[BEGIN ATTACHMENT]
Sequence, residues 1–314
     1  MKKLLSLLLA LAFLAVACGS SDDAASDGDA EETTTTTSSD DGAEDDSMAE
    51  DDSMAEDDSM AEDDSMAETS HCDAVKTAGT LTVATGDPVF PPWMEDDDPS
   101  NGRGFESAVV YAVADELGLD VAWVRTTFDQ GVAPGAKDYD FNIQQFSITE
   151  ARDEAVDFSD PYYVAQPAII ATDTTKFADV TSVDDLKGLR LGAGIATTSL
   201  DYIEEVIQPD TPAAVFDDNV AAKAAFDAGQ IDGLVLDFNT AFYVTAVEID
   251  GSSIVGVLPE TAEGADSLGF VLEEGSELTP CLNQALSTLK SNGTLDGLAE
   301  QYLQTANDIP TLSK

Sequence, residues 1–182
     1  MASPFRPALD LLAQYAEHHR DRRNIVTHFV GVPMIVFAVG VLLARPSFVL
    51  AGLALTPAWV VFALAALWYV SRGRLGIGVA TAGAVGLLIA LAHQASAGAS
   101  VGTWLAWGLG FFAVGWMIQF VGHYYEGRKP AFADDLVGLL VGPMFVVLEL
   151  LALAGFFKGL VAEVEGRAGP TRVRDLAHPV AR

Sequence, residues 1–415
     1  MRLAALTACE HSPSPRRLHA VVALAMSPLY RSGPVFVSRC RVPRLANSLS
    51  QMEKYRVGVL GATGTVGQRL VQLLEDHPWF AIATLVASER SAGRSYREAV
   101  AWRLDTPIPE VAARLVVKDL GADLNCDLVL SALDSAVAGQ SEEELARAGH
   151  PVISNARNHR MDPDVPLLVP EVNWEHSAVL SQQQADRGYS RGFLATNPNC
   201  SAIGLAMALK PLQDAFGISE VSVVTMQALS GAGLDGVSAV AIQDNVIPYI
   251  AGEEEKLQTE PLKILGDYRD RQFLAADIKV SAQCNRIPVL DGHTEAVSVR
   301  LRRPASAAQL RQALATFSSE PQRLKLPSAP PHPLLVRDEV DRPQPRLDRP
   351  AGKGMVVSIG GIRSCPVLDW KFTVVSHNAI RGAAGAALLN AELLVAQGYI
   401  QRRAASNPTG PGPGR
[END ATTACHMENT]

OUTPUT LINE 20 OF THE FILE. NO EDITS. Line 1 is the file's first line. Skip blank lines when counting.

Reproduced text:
   251  AGEEEKLQTE PLKILGDYRD RQFLAADIKV SAQCNRIPVL DGHTEAVSVR